An overlooked part of this game is how well it gives you options to deal with a bad last turn. Luck is a large part of this game, make no mistake: dice rolls choose where the villages start on the board, as well as tribute, and combat between dragons… but there are multiple options that will let you react the way you want to. You can be incredibly aggressive, or you can stockpile cards to use all at once later in the game, as more villages enter the field. Cards are an interesting angle, as they cost no actions to use. Some let you manipulate the theif’s treasure to be closer to you, or move faster, or steal resources more efficiently. They add another level of options without being too overwhelming.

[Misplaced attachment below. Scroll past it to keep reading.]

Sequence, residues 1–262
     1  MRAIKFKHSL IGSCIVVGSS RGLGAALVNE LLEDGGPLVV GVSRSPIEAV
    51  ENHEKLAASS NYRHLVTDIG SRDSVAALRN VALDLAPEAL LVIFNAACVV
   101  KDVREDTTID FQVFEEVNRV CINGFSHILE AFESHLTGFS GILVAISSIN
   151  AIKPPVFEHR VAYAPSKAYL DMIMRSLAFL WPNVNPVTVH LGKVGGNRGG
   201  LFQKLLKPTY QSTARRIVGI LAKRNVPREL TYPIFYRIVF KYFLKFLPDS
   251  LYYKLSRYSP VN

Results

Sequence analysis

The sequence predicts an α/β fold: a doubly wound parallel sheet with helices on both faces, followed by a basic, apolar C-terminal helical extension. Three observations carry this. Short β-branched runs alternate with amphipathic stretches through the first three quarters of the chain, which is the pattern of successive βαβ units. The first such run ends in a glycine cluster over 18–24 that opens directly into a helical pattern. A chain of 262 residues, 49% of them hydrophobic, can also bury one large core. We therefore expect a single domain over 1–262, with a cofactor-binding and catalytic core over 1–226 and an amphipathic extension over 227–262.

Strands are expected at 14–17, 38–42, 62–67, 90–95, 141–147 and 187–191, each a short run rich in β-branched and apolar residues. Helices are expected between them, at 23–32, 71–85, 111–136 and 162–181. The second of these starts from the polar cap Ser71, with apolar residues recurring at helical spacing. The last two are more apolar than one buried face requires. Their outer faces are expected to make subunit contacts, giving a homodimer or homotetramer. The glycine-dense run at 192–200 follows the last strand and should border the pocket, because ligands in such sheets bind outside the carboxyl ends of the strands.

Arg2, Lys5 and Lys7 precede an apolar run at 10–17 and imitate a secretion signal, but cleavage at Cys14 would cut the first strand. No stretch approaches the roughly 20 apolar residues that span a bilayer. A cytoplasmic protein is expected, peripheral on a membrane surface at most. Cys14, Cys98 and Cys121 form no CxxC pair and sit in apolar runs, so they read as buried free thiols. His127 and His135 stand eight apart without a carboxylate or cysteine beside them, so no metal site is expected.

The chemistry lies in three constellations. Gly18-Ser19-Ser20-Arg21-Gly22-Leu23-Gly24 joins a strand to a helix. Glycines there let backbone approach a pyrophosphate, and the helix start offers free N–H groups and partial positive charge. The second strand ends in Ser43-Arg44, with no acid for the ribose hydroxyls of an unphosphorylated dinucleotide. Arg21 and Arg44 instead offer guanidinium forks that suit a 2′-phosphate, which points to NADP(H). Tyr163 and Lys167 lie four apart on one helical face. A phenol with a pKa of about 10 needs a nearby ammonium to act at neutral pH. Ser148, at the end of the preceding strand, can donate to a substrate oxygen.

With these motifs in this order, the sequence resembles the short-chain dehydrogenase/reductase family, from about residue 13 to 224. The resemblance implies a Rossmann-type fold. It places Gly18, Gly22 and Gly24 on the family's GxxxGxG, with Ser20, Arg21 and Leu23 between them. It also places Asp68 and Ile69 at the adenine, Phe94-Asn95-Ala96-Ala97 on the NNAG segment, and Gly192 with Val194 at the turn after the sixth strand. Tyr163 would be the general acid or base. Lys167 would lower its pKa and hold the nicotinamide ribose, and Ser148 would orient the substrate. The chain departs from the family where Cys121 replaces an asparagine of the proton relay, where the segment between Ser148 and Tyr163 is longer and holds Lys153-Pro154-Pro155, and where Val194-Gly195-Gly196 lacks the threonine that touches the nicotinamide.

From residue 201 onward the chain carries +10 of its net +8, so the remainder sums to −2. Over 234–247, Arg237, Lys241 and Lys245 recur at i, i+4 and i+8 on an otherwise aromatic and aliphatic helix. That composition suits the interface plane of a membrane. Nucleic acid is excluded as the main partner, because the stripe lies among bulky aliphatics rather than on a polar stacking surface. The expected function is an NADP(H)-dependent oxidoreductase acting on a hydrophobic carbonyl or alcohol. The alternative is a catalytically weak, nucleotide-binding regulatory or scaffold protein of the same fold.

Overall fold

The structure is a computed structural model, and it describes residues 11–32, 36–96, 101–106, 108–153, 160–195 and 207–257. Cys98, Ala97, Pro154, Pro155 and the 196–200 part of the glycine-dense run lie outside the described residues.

The theme is strong because of how your actions correlate to what most fantasy lovers imagine when they think of Smaug from The Hobbit, but it's all brought together with a jaw dropping art style that can’t be ignored. It is what first grabs you to try the game: the cloth mat as a board, the metal standing pieces, the angular, minimalistic art.  The weight of your dragon as it moves across the board feels good in your hand, and the unique choices made here help Dragoon stand out even more from other board games. The entire box was designed to be a mixture of function and great style, as even the scoreboard for the game is a canvas bag that you can pack everything else up into. Good design, in both game mechanics and art direction, is shown off on every level with this game.

The Bad – Lucky Dragons Finish First